So I think I should give you a wrap-up on last few days in Assisi. This will have to be brief, because I have to head over to church in a few minutes.
In this room, in the bishop's residence, is where Saint Francis came to the bishop and, in front of his father and others, renounced his inheritance and removed all his clothes and gave them back to his father. I'd always thought this happened in the town square -- probably because that's how at least one movie depicts it.
In the Benedictine monastery up on the hill overlooking Assisi -- where Saint Francis spent a lot of his time (it's where he preached to the birds, and rolled in the rose bushes) -- this cross is mounted on the wall. It was used by Saint Bernardine of Siena who preached devotion to the Most Holy Name of our Savior.
This is a statue of Saint Clare, in front of the church of San Damiano -- which is (a) the church Saint Francis rebuilt after our Lord called him to "rebuild my church" and (b) where Saint Clare and her community first gathered. This recalls the time Clare, seeing an army led by Emperor Frederick II toward the convent, went outside and held up the monstrance, containing the Eucharistic Lord. The army saw a blinding light and got the message.
Here's the church of San Damiano. If you look closely, you can see, in the stonework on the left, a smaller building before it was made larger. That's what Francis (perhaps with help) did.
Here's the cross from which our Lord spoke to Francis. It's now in the Basilica of Saint Clare.
Here's the table where another miracle associated with Saint Clare happened. The pope came to visit, and he invited Clare to say the blessing over the meal. When she did, crosses appeared in the bread that was on the table.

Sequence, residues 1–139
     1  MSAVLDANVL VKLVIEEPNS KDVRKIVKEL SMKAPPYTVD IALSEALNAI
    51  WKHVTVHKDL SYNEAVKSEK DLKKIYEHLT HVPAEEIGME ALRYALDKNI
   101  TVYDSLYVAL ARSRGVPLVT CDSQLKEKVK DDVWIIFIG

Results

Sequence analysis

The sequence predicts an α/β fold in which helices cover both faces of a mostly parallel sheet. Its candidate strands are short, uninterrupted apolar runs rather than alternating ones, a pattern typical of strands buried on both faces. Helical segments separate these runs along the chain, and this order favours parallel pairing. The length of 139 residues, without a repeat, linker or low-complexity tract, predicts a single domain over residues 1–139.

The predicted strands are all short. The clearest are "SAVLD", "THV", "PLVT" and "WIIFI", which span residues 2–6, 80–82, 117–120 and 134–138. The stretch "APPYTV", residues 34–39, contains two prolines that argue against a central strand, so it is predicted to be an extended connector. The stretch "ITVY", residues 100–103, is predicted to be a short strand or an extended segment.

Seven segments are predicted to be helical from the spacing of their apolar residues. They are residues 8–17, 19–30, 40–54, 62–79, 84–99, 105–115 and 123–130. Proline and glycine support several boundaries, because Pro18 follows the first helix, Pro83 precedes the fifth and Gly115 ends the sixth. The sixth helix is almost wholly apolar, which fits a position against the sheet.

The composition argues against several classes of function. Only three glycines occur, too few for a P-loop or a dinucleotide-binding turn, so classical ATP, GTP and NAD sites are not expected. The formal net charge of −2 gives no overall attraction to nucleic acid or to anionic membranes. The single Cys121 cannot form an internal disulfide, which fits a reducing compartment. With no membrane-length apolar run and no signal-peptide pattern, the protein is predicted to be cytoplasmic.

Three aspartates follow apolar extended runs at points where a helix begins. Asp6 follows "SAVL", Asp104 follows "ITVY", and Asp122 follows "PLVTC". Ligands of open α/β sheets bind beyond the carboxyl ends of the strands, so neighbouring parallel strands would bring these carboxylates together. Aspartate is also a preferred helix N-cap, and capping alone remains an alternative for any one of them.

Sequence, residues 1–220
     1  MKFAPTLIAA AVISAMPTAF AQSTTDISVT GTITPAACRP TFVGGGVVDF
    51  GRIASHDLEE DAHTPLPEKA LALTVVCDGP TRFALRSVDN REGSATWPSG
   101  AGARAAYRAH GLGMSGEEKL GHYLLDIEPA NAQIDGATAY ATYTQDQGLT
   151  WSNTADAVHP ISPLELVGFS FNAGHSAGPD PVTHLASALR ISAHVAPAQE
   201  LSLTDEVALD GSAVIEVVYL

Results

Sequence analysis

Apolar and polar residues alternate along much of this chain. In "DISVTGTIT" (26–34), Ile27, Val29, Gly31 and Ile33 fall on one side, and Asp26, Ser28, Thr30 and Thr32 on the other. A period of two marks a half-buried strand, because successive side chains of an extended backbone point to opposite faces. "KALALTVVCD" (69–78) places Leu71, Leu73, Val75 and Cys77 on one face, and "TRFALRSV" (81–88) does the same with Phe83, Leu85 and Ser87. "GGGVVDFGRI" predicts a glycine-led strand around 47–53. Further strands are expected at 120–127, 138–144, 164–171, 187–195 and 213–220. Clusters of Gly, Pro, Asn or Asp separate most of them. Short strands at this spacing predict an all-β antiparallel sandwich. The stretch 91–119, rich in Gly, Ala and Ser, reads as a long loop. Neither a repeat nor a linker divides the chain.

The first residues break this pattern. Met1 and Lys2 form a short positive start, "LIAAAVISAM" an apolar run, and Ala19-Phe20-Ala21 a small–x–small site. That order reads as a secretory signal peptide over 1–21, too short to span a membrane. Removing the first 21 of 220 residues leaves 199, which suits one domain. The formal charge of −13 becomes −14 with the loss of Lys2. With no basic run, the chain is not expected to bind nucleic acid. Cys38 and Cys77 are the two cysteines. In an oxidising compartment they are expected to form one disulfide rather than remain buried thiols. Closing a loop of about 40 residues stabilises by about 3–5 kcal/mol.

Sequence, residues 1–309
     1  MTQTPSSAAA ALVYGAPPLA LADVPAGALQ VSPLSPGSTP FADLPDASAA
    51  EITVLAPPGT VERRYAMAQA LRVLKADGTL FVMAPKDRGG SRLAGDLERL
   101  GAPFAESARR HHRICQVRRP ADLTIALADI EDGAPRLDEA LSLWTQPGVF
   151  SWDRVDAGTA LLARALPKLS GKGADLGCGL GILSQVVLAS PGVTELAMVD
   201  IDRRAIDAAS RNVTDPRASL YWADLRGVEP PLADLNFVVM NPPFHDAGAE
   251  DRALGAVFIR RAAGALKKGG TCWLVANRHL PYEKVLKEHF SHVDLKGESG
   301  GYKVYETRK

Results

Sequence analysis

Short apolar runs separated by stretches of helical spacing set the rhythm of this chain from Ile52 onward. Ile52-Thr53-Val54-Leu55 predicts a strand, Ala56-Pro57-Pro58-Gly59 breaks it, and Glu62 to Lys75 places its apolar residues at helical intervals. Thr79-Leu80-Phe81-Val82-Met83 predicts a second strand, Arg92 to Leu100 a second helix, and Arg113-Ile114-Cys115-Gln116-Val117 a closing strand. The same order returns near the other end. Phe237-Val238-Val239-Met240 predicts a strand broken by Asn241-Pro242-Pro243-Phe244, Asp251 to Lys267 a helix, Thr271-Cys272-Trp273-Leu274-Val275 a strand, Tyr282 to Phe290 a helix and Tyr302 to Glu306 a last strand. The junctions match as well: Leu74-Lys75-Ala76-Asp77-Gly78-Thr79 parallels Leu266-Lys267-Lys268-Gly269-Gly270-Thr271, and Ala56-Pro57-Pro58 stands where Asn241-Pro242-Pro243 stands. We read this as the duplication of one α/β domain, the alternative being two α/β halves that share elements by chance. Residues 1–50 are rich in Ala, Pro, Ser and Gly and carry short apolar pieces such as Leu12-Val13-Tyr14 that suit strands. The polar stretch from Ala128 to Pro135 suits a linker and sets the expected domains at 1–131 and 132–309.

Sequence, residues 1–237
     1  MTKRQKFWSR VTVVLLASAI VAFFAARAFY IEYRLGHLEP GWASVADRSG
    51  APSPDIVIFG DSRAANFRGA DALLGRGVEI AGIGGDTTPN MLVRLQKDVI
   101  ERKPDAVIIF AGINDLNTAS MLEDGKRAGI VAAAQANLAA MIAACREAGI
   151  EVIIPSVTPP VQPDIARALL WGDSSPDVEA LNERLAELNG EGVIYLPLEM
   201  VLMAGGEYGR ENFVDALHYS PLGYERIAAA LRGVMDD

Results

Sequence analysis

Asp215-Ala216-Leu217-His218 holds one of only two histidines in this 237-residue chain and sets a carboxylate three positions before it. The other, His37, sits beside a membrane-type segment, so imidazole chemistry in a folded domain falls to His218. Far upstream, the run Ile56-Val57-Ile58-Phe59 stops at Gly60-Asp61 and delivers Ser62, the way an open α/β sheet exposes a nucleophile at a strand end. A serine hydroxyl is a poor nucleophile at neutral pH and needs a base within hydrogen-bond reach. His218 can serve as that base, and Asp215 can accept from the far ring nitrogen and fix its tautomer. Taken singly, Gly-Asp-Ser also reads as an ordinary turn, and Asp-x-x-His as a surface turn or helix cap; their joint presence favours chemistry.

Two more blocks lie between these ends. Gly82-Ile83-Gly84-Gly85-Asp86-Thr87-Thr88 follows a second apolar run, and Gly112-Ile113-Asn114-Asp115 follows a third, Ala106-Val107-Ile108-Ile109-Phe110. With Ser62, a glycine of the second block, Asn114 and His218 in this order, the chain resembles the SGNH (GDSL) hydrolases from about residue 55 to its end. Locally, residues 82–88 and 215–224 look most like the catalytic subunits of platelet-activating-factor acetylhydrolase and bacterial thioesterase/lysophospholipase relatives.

Here's the Basilica of Saint Francis. His body is buried here (we had Holy Mass at his tomb). This building was damaged during an earthquake in the 1980s, and some of the damage to artwork could not be repaired.
You may be wondering why I don't have more interior photos. That's because photography was barred most places -- officially, probably everywhere, but it seemed not to be taken seriously everywhere (that's how Italy can be).
And why is photography banned? Because camera flashes damage things. In theory, you could just say, "no flash" -- which some places I've been do say; however, I'm guessing some folks ignore that, so it's easier just to bar all picture-taking.
One of the sights I couldn't take a picture of was the incorrupt body of Saint Clare. Apparently, while her body has not undergone the normal decay of death (there's a miracle I'd like to hear secularists explain), flash cameras did damage her flesh. The damage is concealed, but thus the no-photos policy.
It's hard to do justice to three days in Assisi in a brief post. However, a few points:
> Francis was not the tree-hugging hippie he's often portrayed as being. For one, he was pretty intense about the Catholic Faith. He wanted people to know Jesus Christ in his Church, through the sacraments. And, yes, he was also about poverty and peace -- but his notion of peace was more about the freedom that comes from turning from worldly pursuits and fixes ones gaze on our Savior.
> While Francis was about poverty for himself, he did not despise or reject the good things of life. He enjoyed life and all good things that came his way. Poverty didn't mean not enjoying life; only choosing to take life as it comes, and focus on Christ, not stuff. When people gave him good food and drink to enjoy, he enjoyed it.
> Francis clothed himself in rags, but he didn't advocate treating the sacred things of our Faith that way -- as some advocate today. On the contrary, art and beauty, in worship, were seen as both fitting offerings to the Lord; and also, art that told the story of salvation was part of preaching the Gospel.
Well, that'll have to do. The bells are tolling, and I have to head over to church to hear confessions.